You will remember, I'm sure, that the Council held a hearing on November 14th on hypothermia prevention. The city had just released its hypothermia plan (riddled with typos), that called for aggressive use of the involuntary commitment laws to get mentally-ill people into St. E's and intoxicated persons into Detox. Dr. Scurry from APRA showed up late and said that the Detox was pretty much full all the time, even before the admissions to be expected under the hypothermia plan. The Director of Human Services said, “we just assumed the resources would be there” at the Detox. Since most of the homeless are substance abusers and/or mentally ill, maybe we should spend the money on expanding Detox and emergency shelter capacity.


One Thing That Didn't Change in 2001
Amy Slemmer,

Happy New Year! While lots of end-of-the-year commentary focused on how much changed in this country during 2001, we at DC Vote bemoaned what hasn't changed — 572,000 local residents lack voting representation in Congress. I am grateful to all of you who got involved with DC Vote last year. With your help, we initiated new programs (Neighborhood Outreach, DC Voting Rights 101, Speakers Bureau, Campus Chapters) launched committees (Education and Outreach, Development, Public Policy and Communications), and conducted a series of successful special events — Bonfire of the 1040s, DC Freedom Summer, National Make a Difference Day. We also inaugurated an annual fundraising event at which we highlighted the work of a handful of local Champions of Democracy. It was a good year in which we were able to make incremental advances toward ending “Taxation Without Representation” and lay the groundwork for major advancements in 2002.

We have aggressive plans this year to move our campaign along. We will conduct a series of special events from a big Tax Day Protest (Monday, April 15), to a summer bus tour to a Congressional Education Day/Senate Committee hearing, a July 4th Independence Day March through all 8 wards of the city to a vocal/visible presence in the November elections. Some of these will be DC Vote events, and others will be lead by some of our coalition partners. The level of dedication and creativity in our community with which to attack our disenfranchisement is inspiring! DC Vote committee members will be hard at work all year on civic engagement efforts and raising awareness about our plight.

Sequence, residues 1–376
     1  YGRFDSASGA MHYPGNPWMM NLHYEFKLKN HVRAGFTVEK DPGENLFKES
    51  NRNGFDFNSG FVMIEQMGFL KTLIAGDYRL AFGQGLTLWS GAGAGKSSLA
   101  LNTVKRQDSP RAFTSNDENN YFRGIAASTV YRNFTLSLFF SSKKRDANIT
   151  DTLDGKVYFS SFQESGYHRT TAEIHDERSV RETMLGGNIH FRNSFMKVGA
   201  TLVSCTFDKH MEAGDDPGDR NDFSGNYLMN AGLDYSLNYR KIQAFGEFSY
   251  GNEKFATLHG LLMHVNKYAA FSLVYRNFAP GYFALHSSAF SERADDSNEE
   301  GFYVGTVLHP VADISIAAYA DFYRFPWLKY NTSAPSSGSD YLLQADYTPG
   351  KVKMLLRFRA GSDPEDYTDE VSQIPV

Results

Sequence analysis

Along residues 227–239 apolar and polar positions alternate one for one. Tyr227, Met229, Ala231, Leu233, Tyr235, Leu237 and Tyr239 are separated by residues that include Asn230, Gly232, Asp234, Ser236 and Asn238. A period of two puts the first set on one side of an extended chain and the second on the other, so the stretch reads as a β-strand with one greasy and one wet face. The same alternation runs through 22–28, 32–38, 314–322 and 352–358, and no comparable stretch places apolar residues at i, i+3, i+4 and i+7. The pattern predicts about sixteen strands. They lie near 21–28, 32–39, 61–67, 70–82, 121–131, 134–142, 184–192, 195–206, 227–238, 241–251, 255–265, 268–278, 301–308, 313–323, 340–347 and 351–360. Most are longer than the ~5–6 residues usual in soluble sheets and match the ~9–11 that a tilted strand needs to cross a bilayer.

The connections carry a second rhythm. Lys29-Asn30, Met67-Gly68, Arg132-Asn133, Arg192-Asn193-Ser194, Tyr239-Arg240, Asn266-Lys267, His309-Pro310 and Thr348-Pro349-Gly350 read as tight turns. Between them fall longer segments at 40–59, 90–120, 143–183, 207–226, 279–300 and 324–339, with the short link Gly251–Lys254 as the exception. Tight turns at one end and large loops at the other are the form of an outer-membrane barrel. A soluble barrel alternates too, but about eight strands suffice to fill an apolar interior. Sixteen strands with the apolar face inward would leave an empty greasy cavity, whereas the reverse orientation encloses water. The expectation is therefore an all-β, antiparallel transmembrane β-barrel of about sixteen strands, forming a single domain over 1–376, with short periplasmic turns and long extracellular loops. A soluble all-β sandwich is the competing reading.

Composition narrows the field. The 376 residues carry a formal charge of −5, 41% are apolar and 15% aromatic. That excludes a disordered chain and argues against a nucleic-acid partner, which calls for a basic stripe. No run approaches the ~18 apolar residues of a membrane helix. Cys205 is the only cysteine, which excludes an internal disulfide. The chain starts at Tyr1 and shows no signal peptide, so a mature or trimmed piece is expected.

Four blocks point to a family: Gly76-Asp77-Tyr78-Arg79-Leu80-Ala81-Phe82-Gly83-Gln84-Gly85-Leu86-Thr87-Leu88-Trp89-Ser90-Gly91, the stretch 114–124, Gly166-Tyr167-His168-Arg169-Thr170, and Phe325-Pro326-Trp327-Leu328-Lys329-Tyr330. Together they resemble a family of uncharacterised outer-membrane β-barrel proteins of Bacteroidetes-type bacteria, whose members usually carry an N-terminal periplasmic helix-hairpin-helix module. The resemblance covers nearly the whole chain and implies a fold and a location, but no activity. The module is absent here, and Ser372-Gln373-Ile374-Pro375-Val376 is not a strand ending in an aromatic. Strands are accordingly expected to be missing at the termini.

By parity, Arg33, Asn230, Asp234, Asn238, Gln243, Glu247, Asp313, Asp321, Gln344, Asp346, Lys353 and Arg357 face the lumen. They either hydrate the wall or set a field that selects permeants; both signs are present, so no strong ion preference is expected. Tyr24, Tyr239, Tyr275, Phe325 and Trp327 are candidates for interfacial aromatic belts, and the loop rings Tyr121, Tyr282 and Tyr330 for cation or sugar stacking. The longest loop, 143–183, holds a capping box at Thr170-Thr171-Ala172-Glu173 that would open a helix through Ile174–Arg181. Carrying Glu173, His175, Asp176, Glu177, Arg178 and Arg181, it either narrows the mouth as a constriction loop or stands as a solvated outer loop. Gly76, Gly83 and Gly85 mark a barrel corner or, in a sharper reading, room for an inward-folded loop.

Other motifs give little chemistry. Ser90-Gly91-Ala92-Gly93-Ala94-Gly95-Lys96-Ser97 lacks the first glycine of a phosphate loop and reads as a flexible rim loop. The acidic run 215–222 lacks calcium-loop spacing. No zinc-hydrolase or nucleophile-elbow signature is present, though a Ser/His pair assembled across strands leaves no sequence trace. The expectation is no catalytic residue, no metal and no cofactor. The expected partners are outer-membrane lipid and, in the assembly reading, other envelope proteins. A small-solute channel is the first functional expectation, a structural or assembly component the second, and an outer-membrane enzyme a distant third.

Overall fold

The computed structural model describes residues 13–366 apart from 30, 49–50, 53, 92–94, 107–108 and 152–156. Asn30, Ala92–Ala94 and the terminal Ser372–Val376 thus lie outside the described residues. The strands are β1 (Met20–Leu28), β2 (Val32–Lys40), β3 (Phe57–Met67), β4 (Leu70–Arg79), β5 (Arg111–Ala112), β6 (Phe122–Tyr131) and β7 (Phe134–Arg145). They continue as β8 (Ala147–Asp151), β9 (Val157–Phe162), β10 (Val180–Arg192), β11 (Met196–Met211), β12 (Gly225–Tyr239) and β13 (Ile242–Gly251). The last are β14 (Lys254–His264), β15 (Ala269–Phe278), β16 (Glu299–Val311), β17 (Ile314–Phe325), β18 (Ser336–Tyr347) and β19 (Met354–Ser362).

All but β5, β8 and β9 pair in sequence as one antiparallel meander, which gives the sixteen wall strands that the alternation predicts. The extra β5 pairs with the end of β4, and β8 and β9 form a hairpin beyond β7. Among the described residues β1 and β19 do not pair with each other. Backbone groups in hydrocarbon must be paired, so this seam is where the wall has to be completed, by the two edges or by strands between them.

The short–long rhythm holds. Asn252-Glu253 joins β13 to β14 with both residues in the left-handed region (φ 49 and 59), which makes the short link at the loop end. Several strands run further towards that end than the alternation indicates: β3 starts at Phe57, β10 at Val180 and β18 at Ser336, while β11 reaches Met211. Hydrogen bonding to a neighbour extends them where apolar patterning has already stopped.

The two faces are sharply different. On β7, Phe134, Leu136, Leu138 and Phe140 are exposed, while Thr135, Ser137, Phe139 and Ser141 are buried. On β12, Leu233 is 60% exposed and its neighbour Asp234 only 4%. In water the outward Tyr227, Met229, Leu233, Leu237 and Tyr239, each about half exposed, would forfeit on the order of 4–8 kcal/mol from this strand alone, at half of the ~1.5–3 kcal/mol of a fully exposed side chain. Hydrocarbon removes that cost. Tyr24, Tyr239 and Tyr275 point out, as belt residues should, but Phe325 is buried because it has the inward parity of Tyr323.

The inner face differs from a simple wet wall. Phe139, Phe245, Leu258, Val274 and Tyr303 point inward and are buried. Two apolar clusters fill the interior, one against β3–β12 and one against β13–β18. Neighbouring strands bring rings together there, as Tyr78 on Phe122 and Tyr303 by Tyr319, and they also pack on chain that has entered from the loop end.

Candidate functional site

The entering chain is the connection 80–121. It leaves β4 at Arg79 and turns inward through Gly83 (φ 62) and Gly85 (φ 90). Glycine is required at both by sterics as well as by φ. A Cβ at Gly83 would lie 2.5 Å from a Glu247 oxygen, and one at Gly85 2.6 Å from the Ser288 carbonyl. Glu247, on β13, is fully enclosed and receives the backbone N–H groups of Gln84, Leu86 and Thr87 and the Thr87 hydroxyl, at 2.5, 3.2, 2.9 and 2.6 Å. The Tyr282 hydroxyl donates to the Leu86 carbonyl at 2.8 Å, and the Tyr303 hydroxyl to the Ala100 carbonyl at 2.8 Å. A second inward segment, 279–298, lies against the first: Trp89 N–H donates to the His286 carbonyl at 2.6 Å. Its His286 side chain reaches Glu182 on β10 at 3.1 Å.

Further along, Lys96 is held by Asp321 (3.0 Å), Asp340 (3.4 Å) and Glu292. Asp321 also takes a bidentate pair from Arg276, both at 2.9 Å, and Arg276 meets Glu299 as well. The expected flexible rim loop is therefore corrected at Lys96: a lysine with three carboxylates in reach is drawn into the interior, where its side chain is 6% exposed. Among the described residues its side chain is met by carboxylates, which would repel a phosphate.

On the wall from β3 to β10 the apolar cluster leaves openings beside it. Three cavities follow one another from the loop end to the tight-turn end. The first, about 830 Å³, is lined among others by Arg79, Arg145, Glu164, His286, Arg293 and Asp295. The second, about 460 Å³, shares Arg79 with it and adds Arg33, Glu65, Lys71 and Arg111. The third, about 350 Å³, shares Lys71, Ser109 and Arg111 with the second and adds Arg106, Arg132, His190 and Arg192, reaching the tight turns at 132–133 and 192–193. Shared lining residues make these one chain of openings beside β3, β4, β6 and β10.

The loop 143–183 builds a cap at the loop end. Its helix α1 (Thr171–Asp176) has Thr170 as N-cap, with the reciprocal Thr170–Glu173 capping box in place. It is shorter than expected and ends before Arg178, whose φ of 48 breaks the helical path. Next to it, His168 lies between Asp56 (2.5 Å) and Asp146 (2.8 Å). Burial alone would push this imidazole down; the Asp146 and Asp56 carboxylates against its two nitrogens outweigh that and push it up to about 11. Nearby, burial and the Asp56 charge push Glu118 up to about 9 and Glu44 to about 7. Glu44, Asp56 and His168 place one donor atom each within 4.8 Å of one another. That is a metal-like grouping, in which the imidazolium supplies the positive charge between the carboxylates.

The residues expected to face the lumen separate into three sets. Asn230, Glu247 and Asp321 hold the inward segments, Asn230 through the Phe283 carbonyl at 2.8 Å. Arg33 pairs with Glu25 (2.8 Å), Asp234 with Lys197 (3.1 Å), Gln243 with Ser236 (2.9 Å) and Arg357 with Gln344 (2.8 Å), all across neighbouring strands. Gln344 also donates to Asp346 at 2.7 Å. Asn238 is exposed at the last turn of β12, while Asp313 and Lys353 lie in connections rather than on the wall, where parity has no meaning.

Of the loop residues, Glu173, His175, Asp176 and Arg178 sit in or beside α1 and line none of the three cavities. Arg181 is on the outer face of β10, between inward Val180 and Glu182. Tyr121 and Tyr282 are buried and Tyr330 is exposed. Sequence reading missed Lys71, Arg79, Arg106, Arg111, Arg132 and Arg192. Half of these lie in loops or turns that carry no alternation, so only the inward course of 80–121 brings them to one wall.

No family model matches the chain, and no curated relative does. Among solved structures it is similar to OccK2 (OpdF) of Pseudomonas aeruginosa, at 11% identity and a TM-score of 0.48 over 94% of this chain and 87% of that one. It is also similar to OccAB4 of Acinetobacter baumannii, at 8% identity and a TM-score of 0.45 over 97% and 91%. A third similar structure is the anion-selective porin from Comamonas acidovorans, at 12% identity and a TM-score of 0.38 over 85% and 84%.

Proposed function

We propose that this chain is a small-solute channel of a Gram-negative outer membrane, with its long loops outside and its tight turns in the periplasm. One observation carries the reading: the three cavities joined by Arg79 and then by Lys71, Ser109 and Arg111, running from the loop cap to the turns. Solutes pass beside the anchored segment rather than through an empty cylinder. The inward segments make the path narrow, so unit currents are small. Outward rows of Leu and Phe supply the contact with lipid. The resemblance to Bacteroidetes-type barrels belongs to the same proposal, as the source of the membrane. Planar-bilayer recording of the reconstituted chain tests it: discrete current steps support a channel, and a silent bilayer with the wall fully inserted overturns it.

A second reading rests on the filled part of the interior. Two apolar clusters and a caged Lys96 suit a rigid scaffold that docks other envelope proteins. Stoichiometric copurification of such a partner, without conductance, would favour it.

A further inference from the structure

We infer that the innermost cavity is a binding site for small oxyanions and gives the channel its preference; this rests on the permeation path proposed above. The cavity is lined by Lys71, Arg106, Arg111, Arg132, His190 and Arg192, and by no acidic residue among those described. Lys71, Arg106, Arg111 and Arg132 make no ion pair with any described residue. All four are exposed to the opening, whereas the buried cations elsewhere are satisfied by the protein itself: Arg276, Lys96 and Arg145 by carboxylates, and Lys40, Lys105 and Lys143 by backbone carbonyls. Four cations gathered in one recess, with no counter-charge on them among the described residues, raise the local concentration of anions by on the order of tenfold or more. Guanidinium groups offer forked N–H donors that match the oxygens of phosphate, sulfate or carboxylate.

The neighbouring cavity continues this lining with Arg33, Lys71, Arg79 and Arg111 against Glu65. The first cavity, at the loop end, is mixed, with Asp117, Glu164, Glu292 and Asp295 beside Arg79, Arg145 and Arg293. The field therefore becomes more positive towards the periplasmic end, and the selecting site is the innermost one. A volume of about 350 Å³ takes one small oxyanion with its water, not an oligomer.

Our first event for 2002 will happen on Thursday, January 3 at 6:30 p.m. We will gather local and visiting college students to discuss DC Voting Rights and the vital importance of student activism. If you have students at home this week, or know students who might be interested in DC Vote's efforts, please invite them to join DC Vote at 6:30 p.m. on Thursday, January 3rd at 3014 Rodman Street, NW — one block north of the Cleveland Park Metro station. Free food will be provided as will an overview of DC Vote's work. For more information about ways in which to get involved with DC Vote, please call the office, 462-6000, and talk to Jamal Najjab, or visit DC Vote's website:


Resistance to Reagan
Robert Frazier,

[Dorothy Brizill wrote:] “. . . pressuring the federal government to reopen Reagan National airport, and since then. . . .” Shame. [Smiley face inserted here.] An insult to DC citizens and the workers at Washington National Airport.


Politically Correct Seasons’ Greetings
Mark David Richards,

You might enjoy the following politically correct seasons' greeting, which I received on my public opinion listserve. Aapornet@Usc.Edu, on behalf of Andrew A Beveridge: “To Each of You: Best wishes for an environmentally conscious, socially responsible, low stress, non-addictive, gender neutral winter solstice holiday, practiced within the most joyous traditions of the religious persuasion of your choice, and with respect for the religious persuasions of others, or their choice not to practice a religion at all. And a fiscally successful, personally fulfilling, and medically uncomplicated recognition of the generally accepted calendar year 2002, but not without due respect for the calendars of choice of other cultures whose contributions to our society have helped make our nations great, without regard to the race, creed, color, religious, or sexual orientation of the wishes. This greeting is subject to clarification or withdrawal. It implies no promise by the wisher to actually implement any of the wishes for her/himself or others. Andy Beveridge”